COS 3-4 - Soil community response to edaphic manipulations in three different soils grown with biofuel switchgrass (Panicum virgatum)

Monday, August 7, 2017: 2:30 PM
B117, Oregon Convention Center
Joni M Baumgarten, Graduate Program in Ecology and Evolution, Rutgers University, New Brunswick, NJ and John Dighton, Pinelands Research Station, Rutgers University, New Lisbon, NJ

Panicum virgatum is a potential biofuel crop that is tolerant of many different soils, one reason it is a desirable biofuel crop. Previous experiments by the authors have shown that the soil community and P. virgatum itself are resilient to nitrogen fertilizer additions in good agricultural soil (collected from a farm in Freehold, NJ). However, good agricultural soil is not representative of more stressful soils in which switchgrass may be grown. Ideally, biofuel corps will be grown on land that is not useful for growing food crops. In less nutrient-rich soils, P. virgatum may show a greater response to changes in the soil conditions. We ask: does P. virgatumgrowth respond to soil manipulations (adding nitrogen fertilizer and commercial mycorrhizal inoculum) differently in three different soils—good agricultural soil, marginal agricultural soil, and sand from the New Jersey Pine Barrens, where switchgrass grows in disturbed sites. We conducted a 3x2x2 factorial design greenhouse experiment to test the hypothesis that switchgrass biomass yields will respond to manipulations of the soil community.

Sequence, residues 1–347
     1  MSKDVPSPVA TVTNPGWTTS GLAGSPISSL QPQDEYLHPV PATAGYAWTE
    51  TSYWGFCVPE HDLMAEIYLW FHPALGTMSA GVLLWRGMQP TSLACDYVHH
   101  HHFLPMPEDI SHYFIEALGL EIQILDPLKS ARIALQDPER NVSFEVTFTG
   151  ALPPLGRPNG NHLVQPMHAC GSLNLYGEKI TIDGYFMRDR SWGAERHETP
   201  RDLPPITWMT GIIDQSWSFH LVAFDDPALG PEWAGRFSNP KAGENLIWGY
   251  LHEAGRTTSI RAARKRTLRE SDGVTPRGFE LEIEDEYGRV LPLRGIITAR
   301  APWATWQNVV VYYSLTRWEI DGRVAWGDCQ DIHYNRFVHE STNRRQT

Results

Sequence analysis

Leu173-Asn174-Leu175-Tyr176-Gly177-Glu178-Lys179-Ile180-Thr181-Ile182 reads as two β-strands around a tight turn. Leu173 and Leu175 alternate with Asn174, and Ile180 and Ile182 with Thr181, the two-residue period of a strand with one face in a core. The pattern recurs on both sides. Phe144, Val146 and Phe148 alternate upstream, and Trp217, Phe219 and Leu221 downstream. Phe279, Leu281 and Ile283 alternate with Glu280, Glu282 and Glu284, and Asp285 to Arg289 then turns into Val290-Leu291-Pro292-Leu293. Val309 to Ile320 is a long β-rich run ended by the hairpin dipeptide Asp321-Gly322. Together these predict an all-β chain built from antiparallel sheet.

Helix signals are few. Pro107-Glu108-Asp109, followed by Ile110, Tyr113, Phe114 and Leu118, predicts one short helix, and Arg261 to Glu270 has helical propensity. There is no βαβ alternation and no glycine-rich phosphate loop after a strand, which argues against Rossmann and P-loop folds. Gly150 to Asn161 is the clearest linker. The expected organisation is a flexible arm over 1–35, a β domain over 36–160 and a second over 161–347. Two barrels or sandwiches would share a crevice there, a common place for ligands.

After the summer growing season, above-ground and below-ground biomass were collected and weighed. Roots were sub-sampled for mycorrhizal colonization. Soil sub-samples were used for Biolog MicroPlate assessment of bacterial community, total nematode counts and soil arthropod community assessment.


Results differed by soil type, but not by fertilizer or mycorrhizal inoculum treatments. Principle Components Analysis of well color development in the Biolog MicroPlates shows differences due to soil type but not by other treatments. Soil arthropod morphospecies differed by soil type but not by other treatments. Nematode numbers differed significantly (p=0.000006) by soil type, but not by the other factors. Mycorrhizal colonization differed by soil type. There were differences in root mass by soil type (p=0.0044 level), and by fertilizer (p=0.09). Above-ground biomass differed significantly by soil type but not by the other treatments. These results show the resilience of the soil community to perturbation across all soil types.